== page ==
There are benefits to choosing fiberglass insulation products
Like anything, fiberglass insulation will best perform when installed according to the manufacturer’s product guidelines. Fiberglass insulation is safe for residential use, and most of the better products are also air-quality tested. The products are non-corrosive, non-combustible, and asbestos-free. And for the most part, the fabrication process ensures a certain amount of recycled glass content.
Fiberglass insulation is manufactured to deter rodents, animals, and insects. However, it’s key to have appropriate ventilation throughout the installation space – this will prevent mold from developing, and will inhibit any deterioration over time. For homeowners who might consider fiberglass insulation in Niagara Falls, this is truly a cost-effective product and installation that will deliver results.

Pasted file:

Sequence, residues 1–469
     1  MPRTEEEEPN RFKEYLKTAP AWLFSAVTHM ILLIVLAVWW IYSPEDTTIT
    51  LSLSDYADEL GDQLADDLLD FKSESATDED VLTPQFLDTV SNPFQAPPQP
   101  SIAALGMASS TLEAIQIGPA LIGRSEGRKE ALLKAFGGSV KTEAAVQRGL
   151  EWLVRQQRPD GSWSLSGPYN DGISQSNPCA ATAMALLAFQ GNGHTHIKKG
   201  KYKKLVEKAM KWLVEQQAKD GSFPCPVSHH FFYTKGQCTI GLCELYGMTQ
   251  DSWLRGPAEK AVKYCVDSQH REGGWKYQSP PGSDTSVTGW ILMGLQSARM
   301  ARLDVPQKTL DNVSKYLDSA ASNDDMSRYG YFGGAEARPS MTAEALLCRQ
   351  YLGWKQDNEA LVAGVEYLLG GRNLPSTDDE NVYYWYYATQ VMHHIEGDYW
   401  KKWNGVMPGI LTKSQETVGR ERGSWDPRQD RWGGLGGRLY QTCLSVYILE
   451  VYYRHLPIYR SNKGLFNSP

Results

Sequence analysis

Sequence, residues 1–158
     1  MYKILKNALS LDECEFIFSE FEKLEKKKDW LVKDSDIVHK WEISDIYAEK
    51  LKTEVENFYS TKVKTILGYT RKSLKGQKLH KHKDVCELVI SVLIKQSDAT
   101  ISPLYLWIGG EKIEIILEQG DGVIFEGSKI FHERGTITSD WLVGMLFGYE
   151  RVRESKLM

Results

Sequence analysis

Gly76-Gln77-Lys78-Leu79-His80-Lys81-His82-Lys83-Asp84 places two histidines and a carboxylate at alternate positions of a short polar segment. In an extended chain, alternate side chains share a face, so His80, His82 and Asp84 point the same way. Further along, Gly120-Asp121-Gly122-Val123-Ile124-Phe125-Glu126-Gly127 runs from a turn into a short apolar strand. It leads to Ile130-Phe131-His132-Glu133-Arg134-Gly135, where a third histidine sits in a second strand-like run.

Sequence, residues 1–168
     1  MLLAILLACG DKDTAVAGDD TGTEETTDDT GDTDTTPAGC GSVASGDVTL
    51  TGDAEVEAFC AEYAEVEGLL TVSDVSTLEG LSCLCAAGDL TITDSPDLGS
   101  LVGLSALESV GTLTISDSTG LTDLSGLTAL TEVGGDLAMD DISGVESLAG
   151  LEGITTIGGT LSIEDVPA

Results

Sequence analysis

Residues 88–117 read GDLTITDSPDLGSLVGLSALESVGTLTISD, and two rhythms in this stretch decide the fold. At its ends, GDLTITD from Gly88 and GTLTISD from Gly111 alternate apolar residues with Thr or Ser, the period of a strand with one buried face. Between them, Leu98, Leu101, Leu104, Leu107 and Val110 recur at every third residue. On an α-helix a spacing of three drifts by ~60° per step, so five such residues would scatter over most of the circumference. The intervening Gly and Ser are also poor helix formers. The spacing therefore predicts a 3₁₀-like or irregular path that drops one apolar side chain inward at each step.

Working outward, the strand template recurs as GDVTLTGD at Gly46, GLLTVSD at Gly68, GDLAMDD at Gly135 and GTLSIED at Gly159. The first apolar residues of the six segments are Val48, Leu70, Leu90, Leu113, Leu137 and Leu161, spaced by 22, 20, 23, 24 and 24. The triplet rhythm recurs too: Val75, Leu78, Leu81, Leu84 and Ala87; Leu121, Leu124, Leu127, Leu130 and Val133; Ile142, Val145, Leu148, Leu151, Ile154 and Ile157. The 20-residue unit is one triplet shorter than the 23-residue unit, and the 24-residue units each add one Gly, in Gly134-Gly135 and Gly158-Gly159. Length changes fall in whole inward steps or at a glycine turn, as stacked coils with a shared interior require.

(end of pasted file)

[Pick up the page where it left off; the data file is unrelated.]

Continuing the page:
There are also some drawbacks to installing fiberglass
Fiberglass does not address all of the issues relevant to insulating. The product does not completely stop air movement, and does not completely stop moisture from accumulating. When installing in the attic and roof cavity, professionals consider this to be a big problem.
Another outstanding issue with fiberglass is air leakage. Fiberglass batts and fiberglass loose fill are not designed to seal, and the result is air leakage. For insulation professionals, sealing is essential for the insulation to perform – otherwise, performance is compromised.
The biggest drawback with fiberglass is wetness. A wet fiberglass environment will ultimately lose its integrity and its R-Value. And when left unattended, wet fiberglass will deteriorate. This will entail the complete removal and reinstallation of the entire insulated space.